Grim reminders we are still in the thick of it
“We had a pretty good summer, but September has been very scary,” Connie Fields told The Day.
Scary, too, has been the start of October.
With her comment, Fields, the president of the union representing support staff at Lawrence + Memorial Hospital, was addressing news that nine support staff workers at L+M have tested positive for COVID-19 since Sept. 11.
But she could have been speaking for all of us.
Summer seemed to bring some sense of normalcy. People were able to enjoy themselves outdoors. Restaurants opened to outside dining and, later, to limited inside service. Students returned to school in late August and early September, some to full-time learning, most to a hybrid model that has had them spending some days each week learning from home, some days in school.
With mask wearing and social distancing, Connecticut’s long record of keeping the infection rate law continued. But not any longer.
By week’s end the data showed infection rates were trending up statewide and eastern Connecticut saw some of the most alarming numbers. The state Department of Public Health issued a COVID-19 alert for the city of Norwich, where drive-thru mobile testing at The William W. Backus Hospital showed a positive infection rate approaching 10%, about 10 times what health officials would like to see.
Norwich Public Schools and the Norwich Free Academy, which had been operating hybrid schedules, returned to all-remote learning that will continue at least through mid-October.
Yet another nursing home, Harrington Court in Colchester, was cited by the state for multiple infection control deficiencies after, as of Thursday, 46 residents and 11 staff had tested positive for COVID-19. Two COVID-related resident deaths were recorded. That news came just two weeks after state health officials ordered the closure of a nursing home in Norwich after widespread infections and at least four deaths were attributed to abysmal infection protocols.
Then residents awoke to the news that President Donald Trump and first lady Melania Trump had tested positive for COVID-19 infection. We join other Americans in hopes and prayers that the president and Mrs. Trump, and others associated with the White House who have tested positive, will avoid serious illness and fully and quickly recover.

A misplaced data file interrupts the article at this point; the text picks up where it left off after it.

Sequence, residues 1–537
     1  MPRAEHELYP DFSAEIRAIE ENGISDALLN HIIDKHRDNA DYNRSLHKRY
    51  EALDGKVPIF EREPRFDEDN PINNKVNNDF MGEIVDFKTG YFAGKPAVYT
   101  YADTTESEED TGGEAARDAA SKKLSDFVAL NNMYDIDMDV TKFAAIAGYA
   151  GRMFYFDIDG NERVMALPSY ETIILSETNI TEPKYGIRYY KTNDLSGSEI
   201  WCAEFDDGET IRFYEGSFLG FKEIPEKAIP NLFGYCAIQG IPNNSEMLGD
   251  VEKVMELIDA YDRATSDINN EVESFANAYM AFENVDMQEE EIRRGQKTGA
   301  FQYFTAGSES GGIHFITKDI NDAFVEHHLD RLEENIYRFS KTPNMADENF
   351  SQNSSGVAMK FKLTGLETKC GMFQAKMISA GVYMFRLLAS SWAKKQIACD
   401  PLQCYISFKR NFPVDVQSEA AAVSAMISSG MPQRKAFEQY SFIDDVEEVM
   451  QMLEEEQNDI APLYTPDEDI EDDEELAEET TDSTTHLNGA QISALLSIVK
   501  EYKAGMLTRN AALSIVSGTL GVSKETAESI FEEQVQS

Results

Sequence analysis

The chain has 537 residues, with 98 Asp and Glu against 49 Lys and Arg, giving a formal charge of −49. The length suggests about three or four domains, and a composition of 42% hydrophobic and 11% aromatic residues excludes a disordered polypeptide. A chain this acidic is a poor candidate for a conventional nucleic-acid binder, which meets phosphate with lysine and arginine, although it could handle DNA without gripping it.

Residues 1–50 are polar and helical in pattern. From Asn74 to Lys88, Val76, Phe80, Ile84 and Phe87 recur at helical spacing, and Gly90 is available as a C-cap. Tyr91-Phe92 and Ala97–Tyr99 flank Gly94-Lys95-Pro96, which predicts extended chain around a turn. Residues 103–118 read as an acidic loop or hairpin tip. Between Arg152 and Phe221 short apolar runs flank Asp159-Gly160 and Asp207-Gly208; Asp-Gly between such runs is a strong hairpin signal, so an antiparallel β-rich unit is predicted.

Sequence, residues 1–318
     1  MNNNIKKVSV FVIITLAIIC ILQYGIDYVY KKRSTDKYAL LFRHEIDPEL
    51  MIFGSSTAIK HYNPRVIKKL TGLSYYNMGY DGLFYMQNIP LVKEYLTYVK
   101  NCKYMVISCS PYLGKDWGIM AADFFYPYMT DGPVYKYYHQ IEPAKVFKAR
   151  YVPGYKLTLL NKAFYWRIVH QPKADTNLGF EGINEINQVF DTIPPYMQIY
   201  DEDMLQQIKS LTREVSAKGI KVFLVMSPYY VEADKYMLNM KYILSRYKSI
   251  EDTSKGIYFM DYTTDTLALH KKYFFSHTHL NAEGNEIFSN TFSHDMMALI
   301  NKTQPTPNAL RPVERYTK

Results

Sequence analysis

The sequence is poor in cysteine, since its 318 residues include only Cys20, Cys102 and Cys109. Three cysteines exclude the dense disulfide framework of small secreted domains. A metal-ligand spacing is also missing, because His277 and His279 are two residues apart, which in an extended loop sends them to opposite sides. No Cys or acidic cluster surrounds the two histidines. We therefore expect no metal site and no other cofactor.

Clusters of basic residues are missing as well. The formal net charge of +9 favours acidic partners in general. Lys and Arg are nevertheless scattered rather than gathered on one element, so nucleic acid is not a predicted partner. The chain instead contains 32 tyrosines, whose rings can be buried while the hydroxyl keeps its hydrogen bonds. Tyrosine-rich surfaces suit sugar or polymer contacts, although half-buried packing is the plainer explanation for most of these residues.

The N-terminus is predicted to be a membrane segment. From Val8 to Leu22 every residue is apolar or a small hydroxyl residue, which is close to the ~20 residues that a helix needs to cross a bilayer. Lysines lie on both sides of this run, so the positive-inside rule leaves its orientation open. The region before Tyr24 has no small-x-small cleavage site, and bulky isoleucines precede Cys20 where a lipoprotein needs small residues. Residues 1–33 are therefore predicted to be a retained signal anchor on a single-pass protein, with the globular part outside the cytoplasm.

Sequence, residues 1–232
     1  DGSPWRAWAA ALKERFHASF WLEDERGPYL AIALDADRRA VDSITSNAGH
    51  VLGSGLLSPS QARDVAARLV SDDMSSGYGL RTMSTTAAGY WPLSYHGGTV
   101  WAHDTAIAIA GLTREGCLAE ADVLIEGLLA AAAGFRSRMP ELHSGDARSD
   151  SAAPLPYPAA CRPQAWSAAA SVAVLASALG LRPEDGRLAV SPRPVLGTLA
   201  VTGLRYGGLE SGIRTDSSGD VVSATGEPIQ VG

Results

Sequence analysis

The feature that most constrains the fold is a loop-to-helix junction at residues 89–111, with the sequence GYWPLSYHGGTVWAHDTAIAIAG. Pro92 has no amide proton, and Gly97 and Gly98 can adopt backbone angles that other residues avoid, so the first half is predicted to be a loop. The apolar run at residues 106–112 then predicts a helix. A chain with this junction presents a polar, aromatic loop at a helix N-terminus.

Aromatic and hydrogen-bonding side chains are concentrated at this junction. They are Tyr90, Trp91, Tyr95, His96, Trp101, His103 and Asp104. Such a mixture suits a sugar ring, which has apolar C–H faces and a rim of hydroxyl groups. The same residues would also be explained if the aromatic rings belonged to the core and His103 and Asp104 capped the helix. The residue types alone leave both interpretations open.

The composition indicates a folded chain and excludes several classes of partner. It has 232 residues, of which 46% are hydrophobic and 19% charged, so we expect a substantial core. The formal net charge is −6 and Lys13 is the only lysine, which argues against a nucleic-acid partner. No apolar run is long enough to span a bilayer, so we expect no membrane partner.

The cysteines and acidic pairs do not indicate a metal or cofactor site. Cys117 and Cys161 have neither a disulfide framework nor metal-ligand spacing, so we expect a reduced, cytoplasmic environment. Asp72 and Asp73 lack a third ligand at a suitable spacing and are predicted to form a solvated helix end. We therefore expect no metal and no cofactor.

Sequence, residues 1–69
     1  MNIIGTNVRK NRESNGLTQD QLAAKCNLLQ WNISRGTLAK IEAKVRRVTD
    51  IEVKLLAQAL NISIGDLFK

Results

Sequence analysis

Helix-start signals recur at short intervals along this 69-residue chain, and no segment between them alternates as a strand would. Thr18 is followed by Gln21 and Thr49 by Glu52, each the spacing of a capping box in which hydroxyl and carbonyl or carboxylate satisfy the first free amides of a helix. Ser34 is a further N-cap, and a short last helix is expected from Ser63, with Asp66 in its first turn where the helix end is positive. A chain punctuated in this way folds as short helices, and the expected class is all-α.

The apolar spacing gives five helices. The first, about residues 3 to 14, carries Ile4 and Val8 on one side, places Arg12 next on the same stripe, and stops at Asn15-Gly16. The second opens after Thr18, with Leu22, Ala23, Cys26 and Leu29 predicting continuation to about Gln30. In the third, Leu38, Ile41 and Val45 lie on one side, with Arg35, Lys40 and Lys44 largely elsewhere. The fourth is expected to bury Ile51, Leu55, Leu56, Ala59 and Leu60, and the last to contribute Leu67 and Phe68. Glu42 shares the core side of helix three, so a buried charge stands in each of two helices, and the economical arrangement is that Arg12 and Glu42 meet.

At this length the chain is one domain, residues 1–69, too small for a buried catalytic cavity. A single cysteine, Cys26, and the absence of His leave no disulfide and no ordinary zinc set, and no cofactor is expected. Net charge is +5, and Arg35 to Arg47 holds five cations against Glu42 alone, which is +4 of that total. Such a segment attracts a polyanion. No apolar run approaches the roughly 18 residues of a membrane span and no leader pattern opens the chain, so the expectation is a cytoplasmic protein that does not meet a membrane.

While the news of the president’s infection was disturbing, it was not shocking. Trump, members of his family and staff have at times been cavalier about the viral threat and selective in their adherence to federal health guidelines. The president's holding of mass rallies, without imposition of social distancing and mask-wearing rules, has been reckless.
Collectively, the news of recent days is a wakeup call that the threat posed by this pandemic is not over, not by a long shot.
Health officials have not been able to point to a specific cause or causes for the increases in Connecticut and the spike in Norwich. One might suspect the return to schools, but no correlation has been documented. It may well be that complacency tied to pandemic fatigue is a contributing cause. With the low infection numbers throughout the summer, and the seemingly endless nature of the health emergency, some of us perhaps grew less assiduous about social distancing, gathering in groups, and mask-wearing.
And Connecticut is not alone. States in much of the Northeast are seeing significant spikes in infection rates for the first time since spring.
If folks needed a reminder about the dangers of such complacency, they are getting it.
The good news is that infection numbers are better than much of the country and not nearly as high as they were during the peak of the pandemic in the state in April and May. It is the trend line that is disturbing. Adhering to basics — social distancing, wearing masks when congregating at stores and other public places, frequent handwashing — could go a long way in flattening the curve, again.
But there are uncertainties. As the weather turns cold and people head indoors, as holidays arrive with the tradition of families gathering from far afield, with the continued unpredictably of the virus itself, the state and nation must be ready to adjust.
The third phase of Connecticut’s reopening process is set to start next Thursday, with restaurants expanding indoor capacity, indoor performing arts venues opening with restrictions, and residents allowed to gather outdoors in groups of up to 150 people.
Gov. Ned Lamont must stand ready to delay that phase, and even restore restrictions, if infection rates and hospitalizations grow. The next week could prove critical.
The Day editorial board meets regularly with political, business and community leaders and convenes weekly to formulate editorial viewpoints. It is composed of President and Publisher Tim Dwyer, Editorial Page Editor Paul Choiniere, Managing Editor Izaskun E. Larrañeta, staff writer Erica Moser and retired deputy managing editor Lisa McGinley. However, only the publisher and editorial page editor are responsible for developing the editorial opinions. The board operates independently from the Day newsroom.
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